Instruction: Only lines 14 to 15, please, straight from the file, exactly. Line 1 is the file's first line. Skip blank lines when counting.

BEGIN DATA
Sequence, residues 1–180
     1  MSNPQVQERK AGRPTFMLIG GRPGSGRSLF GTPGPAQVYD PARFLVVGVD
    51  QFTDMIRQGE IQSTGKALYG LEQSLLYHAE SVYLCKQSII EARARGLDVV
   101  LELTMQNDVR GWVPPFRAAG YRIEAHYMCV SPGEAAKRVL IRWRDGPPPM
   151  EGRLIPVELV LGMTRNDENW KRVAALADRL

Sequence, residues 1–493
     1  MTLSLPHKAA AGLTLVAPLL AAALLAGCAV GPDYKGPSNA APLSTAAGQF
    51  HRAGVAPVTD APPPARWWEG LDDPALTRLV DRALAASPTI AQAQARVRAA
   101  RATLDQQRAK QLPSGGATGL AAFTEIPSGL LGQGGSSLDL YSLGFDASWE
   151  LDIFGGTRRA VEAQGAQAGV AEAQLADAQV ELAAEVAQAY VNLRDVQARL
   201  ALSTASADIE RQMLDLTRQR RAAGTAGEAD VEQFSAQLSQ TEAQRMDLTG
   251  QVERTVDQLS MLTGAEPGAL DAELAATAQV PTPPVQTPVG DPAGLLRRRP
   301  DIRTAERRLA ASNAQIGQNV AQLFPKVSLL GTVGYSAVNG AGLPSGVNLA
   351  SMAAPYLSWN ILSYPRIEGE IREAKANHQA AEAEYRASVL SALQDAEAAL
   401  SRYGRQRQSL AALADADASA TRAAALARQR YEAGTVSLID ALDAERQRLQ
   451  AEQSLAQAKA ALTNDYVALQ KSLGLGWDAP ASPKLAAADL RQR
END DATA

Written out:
   351  SMAAPYLSWN ILSYPRIEGE IREAKANHQA AEAEYRASVL SALQDAEAAL
   401  SRYGRQRQSL AALADADASA TRAAALARQR YEAGTVSLID ALDAERQRLQ